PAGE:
Each of us has the capacity to interpret “the Son” as directed by our conscience and our spirit. We don’t need religion nor men/women with a divinity degree behind their names to define “the Son.”  But for me, a personality and human form as presented in Scriptures and clarified by ancient mystics defines with simplicity the life necessary to make me free.  It tells me what I must do to be aware of dirty politics and societal injustice, to struggle with the downtrodden and oppressed, to uphold the homeless and poor, but not be burdened or controlled by those same issues.  Jesus can do that.  ISAIAH 61:1 defined the mission of Jesus when Isaiah wrote:

The Spirit of the Lord, the Eternal, is on me.
    The Lord has appointed me for a special purpose.
He has anointed me to bring good news to the poor.
    He has sent me to repair broken hearts,
And to declare to those who are held captive and bound in prison,
    “Be free from your imprisonment!”

The Voice (VOICE)The Voice Bible Copyright © 2012 Thomas Nelson, Inc. The Voice™ translation © 2012 Ecclesia Bible Society All rights reserved.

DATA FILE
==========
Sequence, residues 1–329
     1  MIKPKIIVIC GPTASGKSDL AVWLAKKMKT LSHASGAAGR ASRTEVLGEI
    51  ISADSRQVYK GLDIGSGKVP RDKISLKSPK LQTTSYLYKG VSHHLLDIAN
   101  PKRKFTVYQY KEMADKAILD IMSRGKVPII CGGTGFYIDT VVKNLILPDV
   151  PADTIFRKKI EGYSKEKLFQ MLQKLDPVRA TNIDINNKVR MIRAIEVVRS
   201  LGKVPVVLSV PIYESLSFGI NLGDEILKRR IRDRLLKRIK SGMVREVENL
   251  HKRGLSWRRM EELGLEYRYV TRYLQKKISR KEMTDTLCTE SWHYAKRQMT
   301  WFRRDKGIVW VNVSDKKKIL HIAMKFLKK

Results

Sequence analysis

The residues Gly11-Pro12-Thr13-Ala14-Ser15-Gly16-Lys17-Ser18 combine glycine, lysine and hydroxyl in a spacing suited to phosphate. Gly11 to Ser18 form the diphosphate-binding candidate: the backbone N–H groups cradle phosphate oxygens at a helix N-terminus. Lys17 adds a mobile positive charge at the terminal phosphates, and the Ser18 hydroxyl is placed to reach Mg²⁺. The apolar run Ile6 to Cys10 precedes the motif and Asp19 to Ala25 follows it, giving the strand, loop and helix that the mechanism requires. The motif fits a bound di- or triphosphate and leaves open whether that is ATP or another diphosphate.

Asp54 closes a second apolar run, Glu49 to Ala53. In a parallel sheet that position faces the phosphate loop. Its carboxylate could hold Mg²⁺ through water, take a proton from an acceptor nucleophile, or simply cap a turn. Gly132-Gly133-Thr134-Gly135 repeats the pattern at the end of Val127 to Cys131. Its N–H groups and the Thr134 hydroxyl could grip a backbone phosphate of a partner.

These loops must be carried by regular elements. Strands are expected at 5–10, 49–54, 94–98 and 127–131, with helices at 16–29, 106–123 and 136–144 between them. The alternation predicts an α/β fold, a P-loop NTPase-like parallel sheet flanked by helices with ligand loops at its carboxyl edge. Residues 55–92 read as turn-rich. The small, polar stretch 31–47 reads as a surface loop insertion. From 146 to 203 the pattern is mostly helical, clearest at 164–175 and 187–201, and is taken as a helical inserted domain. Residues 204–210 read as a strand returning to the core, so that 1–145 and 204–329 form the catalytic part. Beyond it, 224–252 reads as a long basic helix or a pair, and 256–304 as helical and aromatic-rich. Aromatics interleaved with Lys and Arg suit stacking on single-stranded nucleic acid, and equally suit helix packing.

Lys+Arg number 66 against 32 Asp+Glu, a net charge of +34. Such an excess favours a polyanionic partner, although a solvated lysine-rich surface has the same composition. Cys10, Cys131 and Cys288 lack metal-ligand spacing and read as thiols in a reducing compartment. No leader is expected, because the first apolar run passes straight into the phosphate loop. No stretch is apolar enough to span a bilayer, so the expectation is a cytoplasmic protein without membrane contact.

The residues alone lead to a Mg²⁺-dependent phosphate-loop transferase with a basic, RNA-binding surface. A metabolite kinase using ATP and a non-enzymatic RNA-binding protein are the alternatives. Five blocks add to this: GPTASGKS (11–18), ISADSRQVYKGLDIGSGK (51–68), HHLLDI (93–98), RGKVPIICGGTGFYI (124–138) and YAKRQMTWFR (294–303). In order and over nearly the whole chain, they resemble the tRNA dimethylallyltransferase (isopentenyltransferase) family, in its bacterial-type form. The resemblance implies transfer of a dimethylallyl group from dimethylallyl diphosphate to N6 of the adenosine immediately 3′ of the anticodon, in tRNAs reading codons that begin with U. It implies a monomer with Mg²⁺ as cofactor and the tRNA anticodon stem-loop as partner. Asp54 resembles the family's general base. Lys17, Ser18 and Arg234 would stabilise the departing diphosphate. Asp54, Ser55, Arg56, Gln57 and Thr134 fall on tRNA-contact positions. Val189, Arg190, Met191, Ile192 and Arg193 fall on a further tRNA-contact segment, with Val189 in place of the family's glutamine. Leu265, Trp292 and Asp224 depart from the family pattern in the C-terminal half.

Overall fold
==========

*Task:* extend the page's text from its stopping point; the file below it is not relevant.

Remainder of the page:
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psalm 51

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1 Have mercy on me, O God,
    according to your unfailing love;
according to your great compassion
    blot out my transgressions. 2 Wash away all my iniquity
    and cleanse me from my sin.  3 For I know my transgressions, and my sin is always before me.

Psalms 51: 1-3 The Voice The Voice Bible Copyright © 2012 Thomas Nelson, Inc. The Voice™ translation © 2012 Ecclesia Bible Society All rights reserved.

These verses were sometimes referred to as the “Hangman’s Prayer.”  A sentenced convict was given an opportunity to set things right with the One he/she called Almighty before the noose tightened.  Grace and mercy reigned when that Power was called upon.